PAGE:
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Subject: Re: when to std::launder
From: Nicolas Lesser (blitzrakete_at_[hidden])
Date: 2019-04-29 04:54:45


Mohamed Khaled via Std-Discussion wrote:
> Hello All,
>
> ```
> #include <memory>
> #include <iostream>
>
> struct C
> {
> const int x;
> };
>
> void foo1()
> {
> C c{1};
> c.~C();
> new (&c) C{2};
> std::cout << c.x << std::endl;
> }
>
> std::unique_ptr<C> foo2_a()
> {
> std::unique_ptr<C> c(new C{1});
> c->~C();
> new (c.get()) C{2};
> return c;
> }
>
> void foo2_b(std::unique_ptr<C> c)
> {
> std::cout << c->x << std::endl;
> }
>
> int main()
> {
> foo1();
> foo2_b(foo2_a());
> }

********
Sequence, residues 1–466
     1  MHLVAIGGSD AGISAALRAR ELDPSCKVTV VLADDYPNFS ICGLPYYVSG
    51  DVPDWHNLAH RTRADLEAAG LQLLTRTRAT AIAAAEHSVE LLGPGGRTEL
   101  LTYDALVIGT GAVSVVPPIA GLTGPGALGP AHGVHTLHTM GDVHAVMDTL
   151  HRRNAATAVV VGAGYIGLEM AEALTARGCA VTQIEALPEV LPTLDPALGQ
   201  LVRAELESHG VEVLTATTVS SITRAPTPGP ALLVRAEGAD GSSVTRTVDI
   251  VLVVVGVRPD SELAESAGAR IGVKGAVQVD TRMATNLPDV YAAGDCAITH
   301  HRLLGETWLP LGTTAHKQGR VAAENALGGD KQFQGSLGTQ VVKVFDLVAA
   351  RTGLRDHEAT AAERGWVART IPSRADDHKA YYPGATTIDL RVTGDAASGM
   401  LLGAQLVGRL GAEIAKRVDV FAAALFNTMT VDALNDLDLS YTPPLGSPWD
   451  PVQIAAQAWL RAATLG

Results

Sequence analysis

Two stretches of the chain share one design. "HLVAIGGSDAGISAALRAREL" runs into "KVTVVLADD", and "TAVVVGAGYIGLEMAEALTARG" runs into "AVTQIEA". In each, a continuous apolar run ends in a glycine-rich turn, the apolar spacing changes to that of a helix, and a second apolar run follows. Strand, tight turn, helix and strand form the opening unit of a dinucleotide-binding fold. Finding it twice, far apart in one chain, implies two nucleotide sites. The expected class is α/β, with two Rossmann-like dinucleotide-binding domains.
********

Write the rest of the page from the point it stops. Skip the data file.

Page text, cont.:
> ```
>
> As far as I understand, in foo1() one should invoke std::launder whenever c
> is being accessed after the placement. Should it also be invoked in foo2_b,
> that is when the access to the object whose memory is being reused is in
> some separate function rather than the one where the placement happened.

std::launder is used only when you only have access to the new element through the old object, when for example the class has a const data member. In your case, you are right that in foo1 you should use std::launder. This *also* applies to foo2_b, since the pointer stored in the unique_ptr points to the old object and it can only be used to access the new object with std::launder.

> More generally should the placement new always be coupled with std::launder?

Not necessarely, only when you are using placement new on a variable and/or not reassignable buffer. If you use a pointer for example you can do this:

ptr = new (ptr) C{2};

And there you don't have to use placement new.

-- 
- Nicolas

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